Media @ McGill

Course Offerings



Reconfigurations of the Public Sphere in Contemporary Art II (winter, 2016)


Instructor: Media@McGill Director, Christine Ross


Art History, undergraduate course


Reconfigurations of the Public Sphere in Contemporary Art (fall, 2015)

Instructor: Media@McGill Director, Christine Ross


Art History, graduate course

The general objective of these two seminars is to investigate contemporary art’s renewed engagement with the public sphere. It revisits Jürgen Habermas’s notion of the public sphere—as “a realm of our social life” where public opinion (a critical form of publicity) takes shape through critical deliberations between individuals who meet to discuss matters of common interest. It explores that notion as an analytical tool to assess the influence of aisthesis in contemporary reformulations of critical publicity.

The seminars are an occasion to reflect on some of these emerging models of the reconfigured public sphere and on the role of aisthesis (αἴσθησις: the faculty of perception by the senses and the intellect) in this emergence. It asks: how are public spheres rethought aesthetically (in terms of forms, media, materialities and sensibilities) in contemporary art?; and how do artistic public spheres succeed in permeating political public spheres?

Women's Studies Current Topics 2: Queer Theory (fall, 2015)

Instructor:Media@McGill Post-doctoral fellow, Dr. Cait McKinney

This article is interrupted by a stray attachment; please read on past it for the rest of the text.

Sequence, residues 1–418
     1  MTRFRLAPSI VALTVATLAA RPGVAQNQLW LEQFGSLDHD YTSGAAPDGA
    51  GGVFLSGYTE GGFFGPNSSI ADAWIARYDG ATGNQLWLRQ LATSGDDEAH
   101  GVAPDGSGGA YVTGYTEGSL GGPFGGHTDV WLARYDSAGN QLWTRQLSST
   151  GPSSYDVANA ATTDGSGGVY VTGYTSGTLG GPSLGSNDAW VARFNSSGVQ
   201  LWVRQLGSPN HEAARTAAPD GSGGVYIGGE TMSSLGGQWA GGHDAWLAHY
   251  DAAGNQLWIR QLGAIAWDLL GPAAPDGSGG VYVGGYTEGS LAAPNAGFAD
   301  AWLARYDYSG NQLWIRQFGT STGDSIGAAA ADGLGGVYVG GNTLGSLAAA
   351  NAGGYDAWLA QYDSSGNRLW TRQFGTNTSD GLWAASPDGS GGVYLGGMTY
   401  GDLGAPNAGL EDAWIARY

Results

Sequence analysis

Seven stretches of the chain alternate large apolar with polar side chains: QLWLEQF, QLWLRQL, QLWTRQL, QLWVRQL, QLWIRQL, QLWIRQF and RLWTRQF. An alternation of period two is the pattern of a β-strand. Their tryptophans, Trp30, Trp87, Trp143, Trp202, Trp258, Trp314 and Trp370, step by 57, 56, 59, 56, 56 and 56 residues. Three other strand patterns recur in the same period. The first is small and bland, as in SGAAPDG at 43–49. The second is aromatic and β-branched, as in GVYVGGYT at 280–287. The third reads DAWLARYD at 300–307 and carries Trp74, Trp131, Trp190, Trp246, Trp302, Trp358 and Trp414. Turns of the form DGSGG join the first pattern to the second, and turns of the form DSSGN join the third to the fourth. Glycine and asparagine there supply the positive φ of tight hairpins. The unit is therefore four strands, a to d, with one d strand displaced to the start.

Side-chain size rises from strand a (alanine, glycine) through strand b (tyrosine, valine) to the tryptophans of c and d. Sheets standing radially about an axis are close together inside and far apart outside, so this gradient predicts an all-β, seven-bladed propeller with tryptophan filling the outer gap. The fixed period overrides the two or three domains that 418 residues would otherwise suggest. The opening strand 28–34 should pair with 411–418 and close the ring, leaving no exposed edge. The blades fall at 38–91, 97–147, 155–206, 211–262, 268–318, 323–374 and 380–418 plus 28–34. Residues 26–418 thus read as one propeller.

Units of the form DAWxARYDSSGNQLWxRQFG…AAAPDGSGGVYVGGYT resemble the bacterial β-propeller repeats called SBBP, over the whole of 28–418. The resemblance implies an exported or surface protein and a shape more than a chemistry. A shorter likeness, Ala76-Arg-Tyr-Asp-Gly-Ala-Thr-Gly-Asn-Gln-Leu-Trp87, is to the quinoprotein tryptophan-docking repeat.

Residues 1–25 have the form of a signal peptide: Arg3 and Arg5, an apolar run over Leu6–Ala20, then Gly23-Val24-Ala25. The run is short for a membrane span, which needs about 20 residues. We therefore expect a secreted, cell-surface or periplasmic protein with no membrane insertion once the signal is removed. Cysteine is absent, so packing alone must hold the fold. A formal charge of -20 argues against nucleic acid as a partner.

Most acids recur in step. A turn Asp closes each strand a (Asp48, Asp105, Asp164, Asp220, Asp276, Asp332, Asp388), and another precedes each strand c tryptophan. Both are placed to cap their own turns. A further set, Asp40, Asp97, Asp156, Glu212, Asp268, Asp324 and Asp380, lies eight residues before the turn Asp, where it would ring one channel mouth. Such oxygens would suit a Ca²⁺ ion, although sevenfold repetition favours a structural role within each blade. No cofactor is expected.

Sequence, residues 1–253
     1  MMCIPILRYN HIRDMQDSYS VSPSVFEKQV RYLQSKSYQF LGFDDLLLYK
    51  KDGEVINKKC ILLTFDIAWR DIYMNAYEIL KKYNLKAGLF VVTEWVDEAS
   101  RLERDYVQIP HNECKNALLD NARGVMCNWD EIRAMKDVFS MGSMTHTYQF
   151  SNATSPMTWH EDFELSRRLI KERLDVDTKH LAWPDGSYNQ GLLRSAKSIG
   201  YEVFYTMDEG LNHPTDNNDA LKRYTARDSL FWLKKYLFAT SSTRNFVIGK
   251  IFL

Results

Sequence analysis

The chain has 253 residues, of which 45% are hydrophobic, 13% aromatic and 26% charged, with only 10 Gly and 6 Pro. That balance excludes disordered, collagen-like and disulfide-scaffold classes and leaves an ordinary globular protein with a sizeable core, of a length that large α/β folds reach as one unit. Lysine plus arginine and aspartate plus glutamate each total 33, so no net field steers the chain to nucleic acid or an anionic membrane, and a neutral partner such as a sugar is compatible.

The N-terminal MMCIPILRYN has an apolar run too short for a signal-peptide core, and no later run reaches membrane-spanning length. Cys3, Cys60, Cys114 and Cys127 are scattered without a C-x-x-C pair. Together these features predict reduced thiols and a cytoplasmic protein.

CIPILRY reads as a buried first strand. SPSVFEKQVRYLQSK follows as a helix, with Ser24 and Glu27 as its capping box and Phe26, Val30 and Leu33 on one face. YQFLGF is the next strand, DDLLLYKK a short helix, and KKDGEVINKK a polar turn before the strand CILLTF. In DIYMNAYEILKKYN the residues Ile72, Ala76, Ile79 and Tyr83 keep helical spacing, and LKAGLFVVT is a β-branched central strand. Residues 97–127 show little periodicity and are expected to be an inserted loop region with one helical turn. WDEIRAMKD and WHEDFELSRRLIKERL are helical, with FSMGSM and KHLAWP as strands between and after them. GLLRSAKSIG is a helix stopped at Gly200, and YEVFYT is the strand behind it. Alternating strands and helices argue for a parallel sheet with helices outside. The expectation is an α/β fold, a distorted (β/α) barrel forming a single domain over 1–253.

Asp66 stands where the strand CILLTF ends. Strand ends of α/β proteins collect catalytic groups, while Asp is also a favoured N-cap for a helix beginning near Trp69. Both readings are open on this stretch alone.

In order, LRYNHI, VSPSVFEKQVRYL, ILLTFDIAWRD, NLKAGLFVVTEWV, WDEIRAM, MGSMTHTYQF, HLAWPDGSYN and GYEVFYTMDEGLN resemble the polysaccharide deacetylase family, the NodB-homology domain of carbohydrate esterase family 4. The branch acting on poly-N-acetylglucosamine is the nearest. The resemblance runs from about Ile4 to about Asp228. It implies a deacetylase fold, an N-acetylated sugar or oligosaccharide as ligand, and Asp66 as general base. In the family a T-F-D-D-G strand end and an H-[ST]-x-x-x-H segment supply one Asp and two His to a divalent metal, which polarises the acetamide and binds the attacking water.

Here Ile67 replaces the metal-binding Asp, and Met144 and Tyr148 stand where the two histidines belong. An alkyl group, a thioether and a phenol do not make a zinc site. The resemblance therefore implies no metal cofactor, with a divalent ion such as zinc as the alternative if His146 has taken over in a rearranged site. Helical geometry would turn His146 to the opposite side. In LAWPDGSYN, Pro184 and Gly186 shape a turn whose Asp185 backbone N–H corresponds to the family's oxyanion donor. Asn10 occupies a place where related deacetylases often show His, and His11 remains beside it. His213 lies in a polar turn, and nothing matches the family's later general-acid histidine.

Institute for Gender, Sexuality and Feminist Studies, undergraduate course

Consideration of contemporary issues in Women's Studies. Topic and approach will vary from year to year.




Sound, Vision, Action: The Course (fall, 2014)

Instructor: Media@McGill Interim Director, Prof. Jonathan Sterne

Communication Studies, graduate course

Built around the November 2014 Media@McGill symposium, Sound, Vision, Action, this course stages an encounter between the burgeoning fields of sound studies and visual culture. The course will combine the intellectual substance of the conference with a basic education in multimodal methods from the digital humanities. We will engage work by the scholars and artists who will present at the conference. We will explore the modalities of constructing and presenting knowledge about sound and vision in humanities, and consider the political stakes in producing such knowledge. The goal is not a grand synthesis, but rather to treat the three fields (sound studies, visual culture, digital humanities) as distinct intellectual endeavors that can cross-­pollinate in productive ways. Students will have special access to the conference, interview conference presenters, and opportunities to contribute to the event and post-event documents, such as a durable website and multimodal academic publications.

Philosophy & Technics of the Hand: Digits & Digitalia (fall, 2014)

Instructor: Media@McGill Post-doctoral Fellow, Dr. Kyle Stine


Cross-listed (Art History and Communication Studies), undergraduate course